Starting a digital declutter 3/19/19

By Chris Johnson

Over the weekend, I finished Cal Newport's latest book, Digital Minimalism: Choosing a Focused Life in a Noisy World. In the book, Newport lays out a convincing argument that we have become captives of our digital tools, and that we need strategies to regain control of our time and attention. Over the next 30 days, I'm going to give his advice a shot.

Personally, I know that social networks have slowly replaced a lot of my free time in the evenings and on the weekends. Scrolling through posts on Twitter or Instagram seems fun, and it's easy, but I never feel quite satisfied when I'm done. Newport thinks that to truly feel satisfied with how you spend your free time, you need a mix of true solitude 1, deep social interactions 2, and working with your hands.

For a digital declutter, Newport suggests taking a 30 day break from all of your non-essential digital services. I'm personally dropping Twitter, Facebook, Instagram, RSS feeds, and reducing my podcast consumption. At the same time you're supposed to have a plan for how you'll spend your newfound free time in the real world. I'm still working on the hobbies I want to pursue, but I'm considering photography, cooking, and writing for this blog.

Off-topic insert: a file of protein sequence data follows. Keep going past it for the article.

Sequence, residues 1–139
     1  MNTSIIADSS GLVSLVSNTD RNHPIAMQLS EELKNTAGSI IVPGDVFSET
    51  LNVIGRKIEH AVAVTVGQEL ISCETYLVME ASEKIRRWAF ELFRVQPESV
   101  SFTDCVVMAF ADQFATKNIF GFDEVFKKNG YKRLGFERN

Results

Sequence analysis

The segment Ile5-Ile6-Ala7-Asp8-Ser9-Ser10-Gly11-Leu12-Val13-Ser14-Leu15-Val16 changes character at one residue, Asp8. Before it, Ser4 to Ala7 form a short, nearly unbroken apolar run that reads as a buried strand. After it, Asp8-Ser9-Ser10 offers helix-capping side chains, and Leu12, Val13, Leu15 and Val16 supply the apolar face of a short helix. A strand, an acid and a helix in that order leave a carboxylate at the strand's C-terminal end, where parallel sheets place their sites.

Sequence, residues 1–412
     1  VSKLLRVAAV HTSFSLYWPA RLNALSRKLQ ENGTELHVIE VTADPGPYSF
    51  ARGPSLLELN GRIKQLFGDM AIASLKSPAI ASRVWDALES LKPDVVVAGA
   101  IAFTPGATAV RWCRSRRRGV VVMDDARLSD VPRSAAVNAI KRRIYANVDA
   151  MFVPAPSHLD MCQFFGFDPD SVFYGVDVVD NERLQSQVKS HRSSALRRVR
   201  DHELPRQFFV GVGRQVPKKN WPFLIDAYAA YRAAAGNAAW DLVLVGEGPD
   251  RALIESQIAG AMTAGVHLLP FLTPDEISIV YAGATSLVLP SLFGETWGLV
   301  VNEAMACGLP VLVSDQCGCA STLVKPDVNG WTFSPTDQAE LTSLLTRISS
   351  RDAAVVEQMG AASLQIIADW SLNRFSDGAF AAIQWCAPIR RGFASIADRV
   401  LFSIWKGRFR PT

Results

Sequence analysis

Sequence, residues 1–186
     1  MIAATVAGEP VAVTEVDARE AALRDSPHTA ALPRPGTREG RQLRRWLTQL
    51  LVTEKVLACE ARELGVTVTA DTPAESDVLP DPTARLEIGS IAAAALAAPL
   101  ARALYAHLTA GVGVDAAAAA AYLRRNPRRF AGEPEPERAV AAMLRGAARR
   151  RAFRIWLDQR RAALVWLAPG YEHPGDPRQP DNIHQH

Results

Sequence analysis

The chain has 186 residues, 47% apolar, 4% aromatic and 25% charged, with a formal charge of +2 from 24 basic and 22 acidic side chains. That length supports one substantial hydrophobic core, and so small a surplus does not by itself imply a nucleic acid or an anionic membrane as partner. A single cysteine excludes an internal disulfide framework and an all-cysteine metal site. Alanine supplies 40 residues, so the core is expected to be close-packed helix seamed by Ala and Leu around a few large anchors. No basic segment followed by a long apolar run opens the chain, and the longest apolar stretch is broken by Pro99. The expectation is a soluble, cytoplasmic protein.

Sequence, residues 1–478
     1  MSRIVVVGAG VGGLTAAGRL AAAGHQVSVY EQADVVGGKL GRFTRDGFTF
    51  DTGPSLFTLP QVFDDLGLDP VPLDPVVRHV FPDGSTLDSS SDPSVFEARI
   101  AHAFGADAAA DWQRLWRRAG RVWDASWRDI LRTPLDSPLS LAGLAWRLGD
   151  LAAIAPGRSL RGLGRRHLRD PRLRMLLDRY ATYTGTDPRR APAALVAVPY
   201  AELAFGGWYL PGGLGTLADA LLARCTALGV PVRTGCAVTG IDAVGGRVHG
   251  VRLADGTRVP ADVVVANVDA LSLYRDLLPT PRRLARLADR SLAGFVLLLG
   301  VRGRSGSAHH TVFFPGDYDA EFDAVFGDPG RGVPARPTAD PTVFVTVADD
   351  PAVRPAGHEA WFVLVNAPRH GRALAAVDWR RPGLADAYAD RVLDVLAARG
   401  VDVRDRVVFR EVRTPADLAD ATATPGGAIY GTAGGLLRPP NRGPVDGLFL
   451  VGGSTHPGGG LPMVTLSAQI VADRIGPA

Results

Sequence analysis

When the 30 days is up, the plan is to reintroduce the tools and services that add value to my life, and consider better ways to use them to efficiently get the value I want out of them. For example, I'm considering reducing my Twitter and Instagram feeds to just the people I have conversations with, and removing all celebrity and meme accounts.

I'll let you know how it goes over the next 30 days. Wish me luck, and if you want to get in contact, use the form on my About page.

Update: My friend Chuck Grimmett, is joining me in the digital declutter. Check out his blog post for a deep dive on why and how.


  1. Newport defines solitude as being free of the input from other minds. So you're not truly in solitude if your alone in a cabin in the woods, but listening to a podcast, or reading a book. 

  2. Think phone calls or talking face to face, instead of likes, emails, and text messages.